Friday, November 28, 2008

two tales

There are two stories in the news right now that has me thinking about the contrast between the two.

The first is a local story here in Denver (source). There may be similar ones around the country. It is about a couple who put an ad on Craig's List inviting anyone who didn't want to spend Thanksgiving alone to their home for a Thanksgiving meal. They had over 30 people respond to the ad. The couple decided that instead of picking a few, they would extend the invitation to all of the respondents.

When word got out about this couple's good will, food and chairs and tables were donated for the occasion. Last year at this time the couple was living in a donated tent camper after losing their business and home. They have been able to pull themselves out of the harder times into a modest townhome and minimal income. Still, they felt like they wanted to help out those less fortunate. And that, they did. Thirty plus strangers gathered in the small townhome to enjoy the food and fellowship that so many of us take for granted.

The second story tells us about the consequences of the frenzy of Black Friday, a day that is all about consumerism and materialism. In New York, an employee of WalMart was trampled to death by a horde of shoppers who stormed the doors (source). Once the employee fell to the ground, he was simply and tragically ran over by a crowd of eager shoppers. Others were hurt, including a pregnant woman.

My questions are; Did anyone not notice they were trampling over a body laying on the ground? Did anyone try to help this man up? Was that bargain worth this man's life?

I know the Friday after Thanksgiving has always been a huge shopping day, but I don't always remember it being called Black Friday. When did it get this name? How did it become such a frenzy for both the retailer and the shopper?

To be honest, I don't know what else to write. I don't want to offend anyone. I'm not saying that if you went out shopping on this day, that you're a bad person. I know many who love going out shopping on this day, and I would not think of judging anyone for this.

I'm just wondering how this all happened. I'd like to blame the retailers for inciting such a madness, but doesn't part of the responsibility need to be taken by the consumer? And I guess we can say that this year, it's the economy that's playing such a large role in our craziness.

There's no real point to this point except to write a commentary on the times we live in. There will always be the spirit of giving and caring. There will always be the reality of consumerism and the fact that we feel like we "need" something. Maybe the bottom line is that we need to figure out what we really "need."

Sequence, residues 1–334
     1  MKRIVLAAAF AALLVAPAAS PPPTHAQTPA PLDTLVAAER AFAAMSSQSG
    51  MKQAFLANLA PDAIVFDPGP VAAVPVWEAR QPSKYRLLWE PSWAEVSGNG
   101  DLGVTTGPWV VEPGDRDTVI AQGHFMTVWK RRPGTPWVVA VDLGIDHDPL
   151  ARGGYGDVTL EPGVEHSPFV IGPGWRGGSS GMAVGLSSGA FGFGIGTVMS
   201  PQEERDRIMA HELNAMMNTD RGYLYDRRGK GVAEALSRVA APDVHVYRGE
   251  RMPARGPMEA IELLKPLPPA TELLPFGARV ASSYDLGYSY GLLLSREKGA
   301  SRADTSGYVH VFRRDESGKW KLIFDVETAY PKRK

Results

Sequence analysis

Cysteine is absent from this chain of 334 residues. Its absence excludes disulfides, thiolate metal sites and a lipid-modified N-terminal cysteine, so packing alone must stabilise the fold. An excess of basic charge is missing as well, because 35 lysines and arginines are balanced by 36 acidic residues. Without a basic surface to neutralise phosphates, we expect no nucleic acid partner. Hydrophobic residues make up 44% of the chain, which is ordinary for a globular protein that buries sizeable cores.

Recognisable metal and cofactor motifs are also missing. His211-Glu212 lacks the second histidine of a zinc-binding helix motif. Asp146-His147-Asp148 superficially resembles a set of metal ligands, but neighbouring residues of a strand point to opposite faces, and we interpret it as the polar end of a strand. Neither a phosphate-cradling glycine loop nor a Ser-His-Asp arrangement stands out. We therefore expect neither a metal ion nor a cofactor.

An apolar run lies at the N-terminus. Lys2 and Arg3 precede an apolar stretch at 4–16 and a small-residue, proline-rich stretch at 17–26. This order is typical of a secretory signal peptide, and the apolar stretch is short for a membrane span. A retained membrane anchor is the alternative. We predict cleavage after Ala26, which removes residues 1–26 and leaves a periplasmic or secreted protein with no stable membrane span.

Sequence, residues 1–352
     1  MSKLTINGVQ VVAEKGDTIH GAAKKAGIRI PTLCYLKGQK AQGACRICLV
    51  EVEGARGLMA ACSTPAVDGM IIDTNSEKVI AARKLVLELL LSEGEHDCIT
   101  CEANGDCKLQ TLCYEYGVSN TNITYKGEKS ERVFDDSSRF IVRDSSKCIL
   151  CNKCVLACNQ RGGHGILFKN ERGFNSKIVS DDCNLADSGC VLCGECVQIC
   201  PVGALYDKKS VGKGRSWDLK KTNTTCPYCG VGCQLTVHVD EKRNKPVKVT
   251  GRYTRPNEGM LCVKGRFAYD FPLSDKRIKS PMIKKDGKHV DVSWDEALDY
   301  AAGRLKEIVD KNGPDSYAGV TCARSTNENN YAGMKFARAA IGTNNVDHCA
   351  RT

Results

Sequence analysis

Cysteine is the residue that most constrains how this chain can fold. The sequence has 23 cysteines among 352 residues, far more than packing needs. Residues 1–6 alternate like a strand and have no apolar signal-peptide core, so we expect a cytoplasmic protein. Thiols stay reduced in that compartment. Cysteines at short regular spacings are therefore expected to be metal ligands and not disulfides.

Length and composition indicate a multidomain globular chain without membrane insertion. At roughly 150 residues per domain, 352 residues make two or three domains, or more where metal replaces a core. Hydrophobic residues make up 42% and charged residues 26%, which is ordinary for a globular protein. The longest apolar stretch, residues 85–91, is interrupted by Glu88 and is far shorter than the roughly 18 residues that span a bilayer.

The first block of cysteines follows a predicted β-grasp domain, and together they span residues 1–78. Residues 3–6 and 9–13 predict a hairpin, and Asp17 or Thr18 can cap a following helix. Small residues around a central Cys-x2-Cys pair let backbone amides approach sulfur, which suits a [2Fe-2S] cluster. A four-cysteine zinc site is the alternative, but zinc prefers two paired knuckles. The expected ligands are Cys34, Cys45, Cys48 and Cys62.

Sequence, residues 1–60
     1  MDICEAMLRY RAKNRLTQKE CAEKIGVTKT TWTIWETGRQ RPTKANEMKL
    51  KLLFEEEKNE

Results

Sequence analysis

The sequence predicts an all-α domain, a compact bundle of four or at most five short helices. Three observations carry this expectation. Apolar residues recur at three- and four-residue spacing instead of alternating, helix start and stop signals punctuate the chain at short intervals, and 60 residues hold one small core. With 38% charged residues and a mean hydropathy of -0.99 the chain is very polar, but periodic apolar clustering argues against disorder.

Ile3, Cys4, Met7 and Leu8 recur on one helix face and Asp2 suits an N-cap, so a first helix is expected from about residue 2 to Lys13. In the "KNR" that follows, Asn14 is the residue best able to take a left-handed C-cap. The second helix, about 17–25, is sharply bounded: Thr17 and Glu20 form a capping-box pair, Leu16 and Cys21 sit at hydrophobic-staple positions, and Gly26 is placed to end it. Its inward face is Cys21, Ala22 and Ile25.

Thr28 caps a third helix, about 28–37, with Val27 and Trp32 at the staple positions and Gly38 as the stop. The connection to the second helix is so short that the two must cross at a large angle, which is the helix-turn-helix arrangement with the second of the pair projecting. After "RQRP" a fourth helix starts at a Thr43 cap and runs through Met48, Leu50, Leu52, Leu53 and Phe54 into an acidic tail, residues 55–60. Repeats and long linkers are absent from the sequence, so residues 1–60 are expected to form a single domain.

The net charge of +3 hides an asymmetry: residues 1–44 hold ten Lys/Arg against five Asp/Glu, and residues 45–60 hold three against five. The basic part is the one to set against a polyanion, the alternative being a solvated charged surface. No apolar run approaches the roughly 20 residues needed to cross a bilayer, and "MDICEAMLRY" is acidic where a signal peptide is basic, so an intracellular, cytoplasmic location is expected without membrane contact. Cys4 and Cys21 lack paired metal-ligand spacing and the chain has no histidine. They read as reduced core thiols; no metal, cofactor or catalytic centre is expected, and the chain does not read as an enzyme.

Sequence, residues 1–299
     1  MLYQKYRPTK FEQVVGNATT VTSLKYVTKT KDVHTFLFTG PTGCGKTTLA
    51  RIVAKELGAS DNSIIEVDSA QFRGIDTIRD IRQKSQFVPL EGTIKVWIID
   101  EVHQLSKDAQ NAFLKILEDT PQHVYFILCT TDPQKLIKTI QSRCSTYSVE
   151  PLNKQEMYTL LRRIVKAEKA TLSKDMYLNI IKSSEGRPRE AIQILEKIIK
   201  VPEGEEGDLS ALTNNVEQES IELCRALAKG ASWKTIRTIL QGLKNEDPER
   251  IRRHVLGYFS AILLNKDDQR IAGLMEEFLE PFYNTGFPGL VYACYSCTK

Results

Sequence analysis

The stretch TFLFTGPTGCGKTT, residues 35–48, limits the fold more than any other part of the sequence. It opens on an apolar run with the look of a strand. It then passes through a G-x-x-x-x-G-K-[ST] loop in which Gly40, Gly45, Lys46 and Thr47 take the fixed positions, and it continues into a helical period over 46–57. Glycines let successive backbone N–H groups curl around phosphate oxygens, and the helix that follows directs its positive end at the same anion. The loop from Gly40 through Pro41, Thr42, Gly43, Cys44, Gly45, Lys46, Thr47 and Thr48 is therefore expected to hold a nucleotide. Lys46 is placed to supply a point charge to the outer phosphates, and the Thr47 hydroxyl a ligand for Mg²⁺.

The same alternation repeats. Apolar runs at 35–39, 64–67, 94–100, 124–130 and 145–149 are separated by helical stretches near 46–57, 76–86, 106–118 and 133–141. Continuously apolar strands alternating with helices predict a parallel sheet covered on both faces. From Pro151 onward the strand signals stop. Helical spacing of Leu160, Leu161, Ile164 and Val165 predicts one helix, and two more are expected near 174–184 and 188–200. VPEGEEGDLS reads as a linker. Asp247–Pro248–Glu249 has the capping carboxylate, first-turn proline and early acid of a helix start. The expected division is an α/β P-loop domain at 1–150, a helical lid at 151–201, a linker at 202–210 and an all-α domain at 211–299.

It is a blessing that we will be able to spend the next holiday, Christmas, with our extended family in California. We're all looking forward to this trip.


Blessing #28 in a month's worth of blessings.

11 comments:

MightyMom said...

I like your post, and I feel so sad for that poor man. I was in a crowd once that was pushing through doors and I was literally swept off my feet, unable to steer myself by the crush of bodies all headed in one direction. It was among the worst experiences of my life and a big reason why I avoid crowds to this day (I was in college at "midnight madness" as the doors opened.) I can see how such a tragedy could easily, yes, easily happen. if someone had been on the floor in front of me that night I would have desperately wanted to help, and been TOTALLY POWERLESS to do anything. It's a form of mass hysteria and is intoxicating and frightening. And really, people. there are so many more important things in this life!

Penless Thoughts said...

Great post, Diana. Thanks for posting about the family in your area. Of course THIS did not hit the national news, just like the missionaries who were being attacked in India 6-9 days before the Bombay episode never hit the national news!!!!

I had just told Mickey that I hope this "episode" in NY stops the stores from doing the after Thanksgiving limited time sales. Let the stores put the items they have on sale period and not have to bunch up and rush in like madmen. This type occasion brings out the worst in people it seems.
I was not out there this year but my girls and I have been in the years past.
Susan

Just Mom said...

I have to admit that I haven't been keeping up with the news this past week. Thanks for sharing those stories.